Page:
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Increased earnings and productivity

Students who complete VET qualifications with TAFE institutes move into the labour force with skills that generate higher earnings compared to the earnings of workers without post-school qualifications. Employees and owner-managers with VET qualifications (including Certificate I/II/ III/IV, Diploma and Advanced Diploma) receive a wage premium of 39% compared with those whose highest educational attainment is Year 12 or below.


In addition, a more skilled workforce yields significant productivity benefits to employers, as well as higher tax revenues for government. The total annual benefit that the TAFE system generates thanks to its accumulated contribution to the skills of Australians is estimated at $84.9 billion. Some of this is paid in higher incomes to workers; some of it is captured in higher profits by employers. And some of it is paid in incremental taxation revenues to government, which we estimate are worth $25 billion per year – several times more than governments currently allocate to the cost of running the entire TAFE system.

TAFE increases employability and lowers unemployment

After training, TAFE graduates are more likely to be employed and less likely to be unemployed than workers with less training. Moreover, with increased access to skilled workers, industry can expand production and employ more people, increasing total output across the economy. We estimate the TAFE system has increased the employability of the VET-educated population, relative to those without post-school education, resulting in an increase in employment of around 486,000 positions.

Reduced social and healthcare spending

The TAFE system increases employability, thereby lowering unemployment and supporting a healthier workforce and society. An important consequence of this is reduced social assistance and public healthcare expenditures. We estimate the annual value of reduced social expenses at some $1.5 billion per year ($1.2 billion in reduced welfare and $289 million in reduced health costs).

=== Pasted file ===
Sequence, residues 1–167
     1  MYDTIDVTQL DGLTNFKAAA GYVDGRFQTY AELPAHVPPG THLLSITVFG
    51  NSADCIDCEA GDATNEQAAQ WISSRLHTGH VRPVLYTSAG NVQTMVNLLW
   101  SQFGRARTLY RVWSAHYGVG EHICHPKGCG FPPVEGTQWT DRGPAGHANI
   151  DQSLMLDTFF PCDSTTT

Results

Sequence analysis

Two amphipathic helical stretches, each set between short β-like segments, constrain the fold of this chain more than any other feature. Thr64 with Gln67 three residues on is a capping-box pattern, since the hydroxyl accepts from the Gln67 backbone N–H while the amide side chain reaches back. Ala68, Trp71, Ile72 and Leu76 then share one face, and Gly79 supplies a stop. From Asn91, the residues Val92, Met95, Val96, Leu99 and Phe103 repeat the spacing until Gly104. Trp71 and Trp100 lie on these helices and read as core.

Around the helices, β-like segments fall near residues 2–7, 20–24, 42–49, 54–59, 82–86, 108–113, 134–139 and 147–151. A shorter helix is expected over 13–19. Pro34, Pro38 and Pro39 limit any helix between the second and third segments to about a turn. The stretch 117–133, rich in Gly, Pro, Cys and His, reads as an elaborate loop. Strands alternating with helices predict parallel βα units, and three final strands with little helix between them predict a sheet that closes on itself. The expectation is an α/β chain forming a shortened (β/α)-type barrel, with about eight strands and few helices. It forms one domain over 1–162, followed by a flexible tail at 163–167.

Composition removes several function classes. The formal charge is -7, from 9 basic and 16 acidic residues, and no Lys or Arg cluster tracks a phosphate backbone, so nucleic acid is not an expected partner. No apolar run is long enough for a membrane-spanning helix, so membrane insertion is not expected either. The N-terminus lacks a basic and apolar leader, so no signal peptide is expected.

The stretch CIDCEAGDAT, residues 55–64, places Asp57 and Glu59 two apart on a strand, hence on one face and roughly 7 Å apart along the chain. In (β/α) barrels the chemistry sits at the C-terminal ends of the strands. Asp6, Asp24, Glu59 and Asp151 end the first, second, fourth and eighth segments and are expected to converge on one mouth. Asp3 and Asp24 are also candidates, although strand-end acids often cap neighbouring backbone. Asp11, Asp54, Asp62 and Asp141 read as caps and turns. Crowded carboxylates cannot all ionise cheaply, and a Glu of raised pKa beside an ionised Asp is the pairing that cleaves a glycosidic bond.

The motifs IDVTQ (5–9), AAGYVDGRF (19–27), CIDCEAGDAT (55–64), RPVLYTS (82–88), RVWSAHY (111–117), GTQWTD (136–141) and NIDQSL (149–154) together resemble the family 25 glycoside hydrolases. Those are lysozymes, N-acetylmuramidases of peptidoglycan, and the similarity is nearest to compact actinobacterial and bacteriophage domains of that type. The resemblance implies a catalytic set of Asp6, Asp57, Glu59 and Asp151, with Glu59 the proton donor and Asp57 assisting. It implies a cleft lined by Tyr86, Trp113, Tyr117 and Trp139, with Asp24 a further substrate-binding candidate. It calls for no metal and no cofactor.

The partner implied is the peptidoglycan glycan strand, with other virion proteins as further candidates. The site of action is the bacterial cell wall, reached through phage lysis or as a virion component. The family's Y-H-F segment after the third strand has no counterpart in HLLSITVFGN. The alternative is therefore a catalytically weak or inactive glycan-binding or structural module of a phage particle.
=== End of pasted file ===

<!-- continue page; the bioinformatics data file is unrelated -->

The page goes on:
Combined annual economic benefit

The total annual benefit (driven by the accumulated historic and current investment in the TAFE-trained workforce) is estimated at $92.5 billion. That represents around 4.5% of Australian GDP. Those benefits can be traced back to the extra employability, productivity and incomes (and associated savings on social benefit costs) demonstrated by the TAFE-educated workforce.

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Wider social benefits

The substantial economic benefits supported by the TAFE system do not tell the whole story about the importance of TAFEs to our all-round economic and social wellbeing. The TAFE system also underpins a wide range of broader social benefits that are harder to quantify. For example, TAFEs promote stronger economic and labour market outcomes in regional areas. They help ‘bridge’ access to further education and jobs pathways for special and at-risk groups of young Australians. They ensure greater social cohesion, and help to reduce crime. TAFE students are more likely to come from the lowest quintile of society according to socioeconomic disadvantage, more likely to be Aboriginal or Torres Strait Islander, and more likely to identify as having a disability compared with students of private VET providers or universities. All these features confirm that TAFEs are critically important in addressing systemic inequality in Australia’s economy and society.